Then, I saw my future self in verses 46-47, and I could picture the triumph of defeating my depression, my health problems, my weight, and my uncertainty and lack of faith:

". . . behold our God is with us, and he will not suffer that we should fall; then let us go forth. . . "

". . . Now they had never fought, yet they did not fear death (or failure). . . they had been taught. . . that if they did not doubt, God would deliver them."

I do not doubt that I am here at this point in my life for a purpose. I do not doubt that, through my faith and my attitude, I possess the strength to survive and thrive through hard times. And moreover, I do not doubt that through God's tutelage, I can be guided and taught until all my weaknesses become my greatest triumphs.

Tuesday, November 3, 2009

Week-Night Easy Rolls (from http://www.kitchenparade.com/)

Serves: 12
Points: 4

1 package active dry yeast (1/4 ounce, 2-1/4 teaspoons)
2 cups warm water
1/4 cup sugar
1/4 cup canola oil
1 egg
4 cups bread flour, fluffed to aerate before measuring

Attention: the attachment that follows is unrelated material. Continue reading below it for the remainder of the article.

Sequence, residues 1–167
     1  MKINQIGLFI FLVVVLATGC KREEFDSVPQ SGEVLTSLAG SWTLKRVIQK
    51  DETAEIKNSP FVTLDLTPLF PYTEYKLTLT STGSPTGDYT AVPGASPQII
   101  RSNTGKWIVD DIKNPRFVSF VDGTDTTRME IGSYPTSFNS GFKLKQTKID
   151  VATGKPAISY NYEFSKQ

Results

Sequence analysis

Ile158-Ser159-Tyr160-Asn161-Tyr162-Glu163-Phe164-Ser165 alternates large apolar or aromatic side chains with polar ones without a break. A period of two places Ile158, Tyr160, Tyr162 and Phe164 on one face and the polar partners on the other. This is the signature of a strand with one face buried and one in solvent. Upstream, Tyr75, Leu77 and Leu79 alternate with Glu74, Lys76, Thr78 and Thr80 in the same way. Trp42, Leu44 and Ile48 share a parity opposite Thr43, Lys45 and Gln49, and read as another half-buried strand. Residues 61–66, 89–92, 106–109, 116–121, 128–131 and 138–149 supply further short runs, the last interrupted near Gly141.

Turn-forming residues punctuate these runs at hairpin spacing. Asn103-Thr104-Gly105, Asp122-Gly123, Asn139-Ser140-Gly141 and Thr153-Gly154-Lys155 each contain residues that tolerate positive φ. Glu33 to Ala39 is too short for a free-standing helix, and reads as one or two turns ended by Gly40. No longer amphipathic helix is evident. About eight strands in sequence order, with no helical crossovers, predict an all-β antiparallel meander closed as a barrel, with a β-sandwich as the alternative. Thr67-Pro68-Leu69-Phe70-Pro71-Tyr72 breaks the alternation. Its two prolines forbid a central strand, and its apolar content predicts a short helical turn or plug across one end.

2 tablespoons (yes, tablespoons) baking powder
2 teaspoons table salt
Chopped fresh herbs such as chives, sage or rosemary, optional

Preheat oven to 425F. Grease the cups of a muffin tray with standard-size cups. Stir together the yeast and water, set aside.

In a large bowl, whisk together the sugar, oil and egg. Separately, stir together flour, baking powder and salt. With a wooden spoon, stir in the flour mixture a cup at a time until just mixed, adding a portion of the yeast-water mixture between additions.
Stir in herbs, if using. With two soup spoons, one to scoop and the other to scrape, fill the muffin tins. Bake for 20 minutes or until golden. Cool for 5 minutes. Best served hot but keep two to three days.


You gain strength, courage, and confidence by every experience in which you really stop to look fear in the face. You must do the thing which you think you cannot do.-Eleanor Roosevelt

FOOD FOR THE SPIRIT--General Conference Awesomeness

Here are some more great thoughts from General Conference: